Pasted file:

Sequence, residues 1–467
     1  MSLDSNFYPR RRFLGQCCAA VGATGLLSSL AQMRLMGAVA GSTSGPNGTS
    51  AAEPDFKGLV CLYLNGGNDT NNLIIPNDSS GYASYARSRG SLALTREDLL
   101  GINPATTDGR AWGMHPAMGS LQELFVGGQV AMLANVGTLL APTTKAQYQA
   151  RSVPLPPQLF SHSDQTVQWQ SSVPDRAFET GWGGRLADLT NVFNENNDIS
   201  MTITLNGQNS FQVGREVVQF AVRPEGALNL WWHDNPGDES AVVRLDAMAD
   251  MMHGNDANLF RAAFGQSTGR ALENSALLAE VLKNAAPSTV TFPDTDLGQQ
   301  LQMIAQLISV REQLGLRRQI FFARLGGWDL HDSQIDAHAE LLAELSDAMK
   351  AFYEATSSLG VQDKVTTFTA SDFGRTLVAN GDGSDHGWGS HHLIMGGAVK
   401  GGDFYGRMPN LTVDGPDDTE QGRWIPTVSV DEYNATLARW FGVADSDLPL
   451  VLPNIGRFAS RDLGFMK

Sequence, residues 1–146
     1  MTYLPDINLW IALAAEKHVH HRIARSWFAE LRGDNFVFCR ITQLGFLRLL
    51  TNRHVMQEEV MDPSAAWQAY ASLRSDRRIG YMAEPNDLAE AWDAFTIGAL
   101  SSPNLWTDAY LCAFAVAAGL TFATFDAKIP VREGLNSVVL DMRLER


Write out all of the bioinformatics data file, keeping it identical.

Sequence, residues 1–467
     1  MSLDSNFYPR RRFLGQCCAA VGATGLLSSL AQMRLMGAVA GSTSGPNGTS
    51  AAEPDFKGLV CLYLNGGNDT NNLIIPNDSS GYASYARSRG SLALTREDLL
   101  GINPATTDGR AWGMHPAMGS LQELFVGGQV AMLANVGTLL APTTKAQYQA
   151  RSVPLPPQLF SHSDQTVQWQ SSVPDRAFET GWGGRLADLT NVFNENNDIS
   201  MTITLNGQNS FQVGREVVQF AVRPEGALNL WWHDNPGDES AVVRLDAMAD
   251  MMHGNDANLF RAAFGQSTGR ALENSALLAE VLKNAAPSTV TFPDTDLGQQ
   301  LQMIAQLISV REQLGLRRQI FFARLGGWDL HDSQIDAHAE LLAELSDAMK
   351  AFYEATSSLG VQDKVTTFTA SDFGRTLVAN GDGSDHGWGS HHLIMGGAVK
   401  GGDFYGRMPN LTVDGPDDTE QGRWIPTVSV DEYNATLARW FGVADSDLPL
   451  VLPNIGRFAS RDLGFMK

Sequence, residues 1–146
     1  MTYLPDINLW IALAAEKHVH HRIARSWFAE LRGDNFVFCR ITQLGFLRLL
    51  TNRHVMQEEV MDPSAAWQAY ASLRSDRRIG YMAEPNDLAE AWDAFTIGAL
   101  SSPNLWTDAY LCAFAVAAGL TFATFDAKIP VREGLNSVVL DMRLER